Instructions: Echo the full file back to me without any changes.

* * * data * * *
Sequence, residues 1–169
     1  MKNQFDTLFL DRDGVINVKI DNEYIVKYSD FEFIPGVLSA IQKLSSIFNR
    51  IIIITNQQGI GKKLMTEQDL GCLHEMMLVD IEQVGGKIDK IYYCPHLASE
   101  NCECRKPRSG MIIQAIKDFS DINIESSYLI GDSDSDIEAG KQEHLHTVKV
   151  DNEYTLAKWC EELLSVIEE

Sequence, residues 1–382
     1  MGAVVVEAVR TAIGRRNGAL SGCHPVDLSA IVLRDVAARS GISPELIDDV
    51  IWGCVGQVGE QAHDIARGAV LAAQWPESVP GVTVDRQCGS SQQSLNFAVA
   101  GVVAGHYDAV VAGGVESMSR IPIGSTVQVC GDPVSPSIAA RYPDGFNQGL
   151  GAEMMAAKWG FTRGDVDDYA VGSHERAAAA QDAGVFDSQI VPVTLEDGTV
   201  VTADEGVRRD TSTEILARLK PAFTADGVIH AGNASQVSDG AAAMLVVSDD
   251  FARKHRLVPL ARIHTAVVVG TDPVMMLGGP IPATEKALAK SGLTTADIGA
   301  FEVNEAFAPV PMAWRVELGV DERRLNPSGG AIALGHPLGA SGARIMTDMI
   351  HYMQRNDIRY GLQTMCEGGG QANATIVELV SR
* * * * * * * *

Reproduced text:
Sequence, residues 1–169
     1  MKNQFDTLFL DRDGVINVKI DNEYIVKYSD FEFIPGVLSA IQKLSSIFNR
    51  IIIITNQQGI GKKLMTEQDL GCLHEMMLVD IEQVGGKIDK IYYCPHLASE
   101  NCECRKPRSG MIIQAIKDFS DINIESSYLI GDSDSDIEAG KQEHLHTVKV
   151  DNEYTLAKWC EELLSVIEE

Sequence, residues 1–382
     1  MGAVVVEAVR TAIGRRNGAL SGCHPVDLSA IVLRDVAARS GISPELIDDV
    51  IWGCVGQVGE QAHDIARGAV LAAQWPESVP GVTVDRQCGS SQQSLNFAVA
   101  GVVAGHYDAV VAGGVESMSR IPIGSTVQVC GDPVSPSIAA RYPDGFNQGL
   151  GAEMMAAKWG FTRGDVDDYA VGSHERAAAA QDAGVFDSQI VPVTLEDGTV
   201  VTADEGVRRD TSTEILARLK PAFTADGVIH AGNASQVSDG AAAMLVVSDD
   251  FARKHRLVPL ARIHTAVVVG TDPVMMLGGP IPATEKALAK SGLTTADIGA
   301  FEVNEAFAPV PMAWRVELGV DERRLNPSGG AIALGHPLGA SGARIMTDMI
   351  HYMQRNDIRY GLQTMCEGGG QANATIVELV SR